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Original Research: CRITICAL CARE |

Health-care-Associated Bloodstream Infections at Admission to the ICU

Jordi Vallés, MD, PhD; Francisco Alvarez-Lerma, MD; Mercedes Palomar, MD; Armando Blanco, MD; Ana Escoresca, MD; Fernando Armestar, MD; José María Sirvent, MD; Carina Balasini, MD; Rafael Zaragoza, MD; María Marín, MD; the Study Group of Infectious Diseases of the Spanish Society of Critical Care Medicine
Author and Funding Information

From the CIBER Enfermedades Respiratorias (Dr Vallés), Hospital Sabadell, Sabadell, Spain; Hospital del Mar (Dr Alvarez-Lerma), Barcelona, Spain; Hospital Vall d’Hebron (Dr Palomar), Barcelona, Spain; Hospital Central de Asturias (Dr Blanco), Oviedo, Spain; Hospital Virgen del Rocío (Dr Escoresca), Sevilla, Spain; Hospital Germans Trías i Pujol (Dr Armestar), Badalona, Spain; Hospital Josep Trueta (Dr Sirvent), Girona, Spain; Hospital Peset (Dr Zaragoza), Valencia, Spain; Hospital Valme (Dr Marín), Sevilla, Spain; and Hospital Interzonal General de Agudos “José de San Martín” (Dr Balasini), La Plata, Argentina.

Correspondence to: Jordi Vallés, MD, PhD, Critical Care Center, Hospital Sabadell, CIBER Enfermedades Respiratorias, Parc Tauli s/n, 08208 Sabadell, Barcelona, Spain; e-mail: jvalles@tauli.cat

A complete list of the study group is located in e-Appendix 1.


Funding/Support: This study was funded by a grant from the Study Group of Infectious Diseases of the Spanish Society of Critical Care Medicine.

Reproduction of this article is prohibited without written permission from the American College of Chest Physicians (http://www.chestpubs.org/site/misc/reprints.xhtml).


© 2011 American College of Chest Physicians


Chest. 2011;139(4):810-815. doi:10.1378/chest.10-1715
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Background:  Infections occurring among outpatients having recent contact with the health-care system have been recently classified as health-care-associated infections to distinguish them from hospital- and community-acquired infections. Patients with bloodstream infections (BSIs) were studied to assess health-care-associated infections at admission in the ICU.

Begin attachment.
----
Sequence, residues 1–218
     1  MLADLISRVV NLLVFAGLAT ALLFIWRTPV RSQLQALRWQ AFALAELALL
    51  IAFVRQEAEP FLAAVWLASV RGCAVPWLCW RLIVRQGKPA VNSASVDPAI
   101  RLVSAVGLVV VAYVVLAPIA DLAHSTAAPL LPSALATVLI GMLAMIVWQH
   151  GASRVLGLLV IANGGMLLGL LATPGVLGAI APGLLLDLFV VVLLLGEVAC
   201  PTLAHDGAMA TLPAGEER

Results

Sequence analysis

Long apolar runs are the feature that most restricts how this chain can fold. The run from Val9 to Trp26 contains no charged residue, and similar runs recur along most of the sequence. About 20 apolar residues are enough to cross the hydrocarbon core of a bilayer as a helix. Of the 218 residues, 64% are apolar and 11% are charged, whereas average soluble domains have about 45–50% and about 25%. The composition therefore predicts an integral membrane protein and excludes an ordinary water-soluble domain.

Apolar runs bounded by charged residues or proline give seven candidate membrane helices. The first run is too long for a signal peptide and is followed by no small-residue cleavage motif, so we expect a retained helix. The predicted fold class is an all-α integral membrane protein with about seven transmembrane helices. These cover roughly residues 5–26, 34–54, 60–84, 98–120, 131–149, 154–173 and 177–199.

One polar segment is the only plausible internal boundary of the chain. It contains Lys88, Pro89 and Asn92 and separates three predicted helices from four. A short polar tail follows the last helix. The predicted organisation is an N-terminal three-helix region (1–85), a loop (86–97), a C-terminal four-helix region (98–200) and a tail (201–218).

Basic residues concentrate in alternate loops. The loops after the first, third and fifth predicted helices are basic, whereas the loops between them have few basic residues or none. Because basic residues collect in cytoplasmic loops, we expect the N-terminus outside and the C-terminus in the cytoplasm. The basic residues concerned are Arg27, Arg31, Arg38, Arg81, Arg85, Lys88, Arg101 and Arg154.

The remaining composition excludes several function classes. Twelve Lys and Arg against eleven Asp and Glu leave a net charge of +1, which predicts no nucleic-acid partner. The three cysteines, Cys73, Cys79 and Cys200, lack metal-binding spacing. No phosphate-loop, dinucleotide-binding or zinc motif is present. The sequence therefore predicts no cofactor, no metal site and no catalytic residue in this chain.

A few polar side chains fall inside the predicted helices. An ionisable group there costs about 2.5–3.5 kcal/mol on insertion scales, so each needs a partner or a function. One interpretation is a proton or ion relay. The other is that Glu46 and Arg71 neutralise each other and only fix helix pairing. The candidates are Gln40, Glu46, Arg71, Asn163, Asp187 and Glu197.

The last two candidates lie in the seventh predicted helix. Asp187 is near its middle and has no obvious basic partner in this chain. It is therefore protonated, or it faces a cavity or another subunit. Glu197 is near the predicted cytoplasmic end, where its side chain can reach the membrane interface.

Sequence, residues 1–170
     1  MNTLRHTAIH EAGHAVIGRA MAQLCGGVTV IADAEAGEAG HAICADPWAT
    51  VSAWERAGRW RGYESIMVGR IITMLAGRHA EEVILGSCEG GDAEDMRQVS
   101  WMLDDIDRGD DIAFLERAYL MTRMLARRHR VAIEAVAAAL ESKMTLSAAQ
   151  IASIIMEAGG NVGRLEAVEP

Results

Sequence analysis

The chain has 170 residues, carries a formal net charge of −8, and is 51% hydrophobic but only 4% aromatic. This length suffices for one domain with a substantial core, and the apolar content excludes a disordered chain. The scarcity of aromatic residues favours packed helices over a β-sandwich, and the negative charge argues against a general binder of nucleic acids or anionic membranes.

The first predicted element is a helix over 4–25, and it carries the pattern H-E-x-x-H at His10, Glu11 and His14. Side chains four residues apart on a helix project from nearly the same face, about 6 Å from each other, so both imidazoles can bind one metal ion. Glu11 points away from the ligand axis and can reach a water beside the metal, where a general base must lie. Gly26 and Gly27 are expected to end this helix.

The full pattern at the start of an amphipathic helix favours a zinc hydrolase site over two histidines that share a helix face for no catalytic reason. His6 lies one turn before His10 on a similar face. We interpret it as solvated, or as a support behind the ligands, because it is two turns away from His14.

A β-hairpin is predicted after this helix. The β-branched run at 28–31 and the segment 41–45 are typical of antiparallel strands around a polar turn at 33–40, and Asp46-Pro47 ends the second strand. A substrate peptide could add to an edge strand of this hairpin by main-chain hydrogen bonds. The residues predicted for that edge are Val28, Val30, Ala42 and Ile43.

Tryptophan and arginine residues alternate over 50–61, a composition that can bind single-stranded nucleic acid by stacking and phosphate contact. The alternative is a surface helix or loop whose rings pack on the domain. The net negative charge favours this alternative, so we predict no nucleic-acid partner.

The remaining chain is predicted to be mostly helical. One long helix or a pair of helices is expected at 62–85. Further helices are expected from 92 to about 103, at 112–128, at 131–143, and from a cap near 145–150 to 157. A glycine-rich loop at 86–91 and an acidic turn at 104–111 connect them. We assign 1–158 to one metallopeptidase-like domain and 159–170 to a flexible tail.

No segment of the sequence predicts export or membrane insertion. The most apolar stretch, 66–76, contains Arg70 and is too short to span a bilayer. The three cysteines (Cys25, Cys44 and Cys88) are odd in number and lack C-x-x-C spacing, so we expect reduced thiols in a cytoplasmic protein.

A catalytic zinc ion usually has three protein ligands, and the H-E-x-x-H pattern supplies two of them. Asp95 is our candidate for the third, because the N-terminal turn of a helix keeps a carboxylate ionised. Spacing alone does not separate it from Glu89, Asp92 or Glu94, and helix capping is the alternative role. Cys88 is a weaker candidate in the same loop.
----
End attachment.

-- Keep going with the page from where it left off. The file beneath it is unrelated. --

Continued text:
Methods:  This work was a multicenter, prospective, observational study of all adult patients with BSI at ICU admission at 27 Spanish hospitals and one Argentine hospital. Cases of BSI were classified as community-acquired BSI (CAB), health-care-associated BSI (HCAB), or hospital-acquired BSI (HAB), and their characteristics were compared.

Results:  Of 726 BSIs, 343 (47.2%) were CABs, 252 (34.7%) were HABs, and 131 (18.0%) were HCABs. Potentially antibiotic-resistant pathogens were more frequently isolated in HABs (34.8%) and HCABs (27.6%) than in CABs (10.3%) (P < .001). Logistic regression analysis revealed that HABs (OR, 4.6; 95% CI, 2.9-7.3), HCABs (OR, 3.1; 95% CI, 1.8-5.4), and BSIs of unknown origin (OR, 1.7; 95% CI, 1.0-2.8) were independently associated with the isolation of potentially antibiotic-resistant pathogens. The incidence of inappropriate treatment was significantly higher in HABs (OR, 3.4; 95% CI, 2.1-5.3) and in HCABs (OR, 1.8; 95% CI, 1.0-3.2) than in CABs.

Conclusions:  One in five BSIs diagnosed at ICU admission is health-care-associated. The incidence of potentially drug-resistant pathogens in HCABs is more similar to that of HABs, and they should be treated as such until culture data are available.


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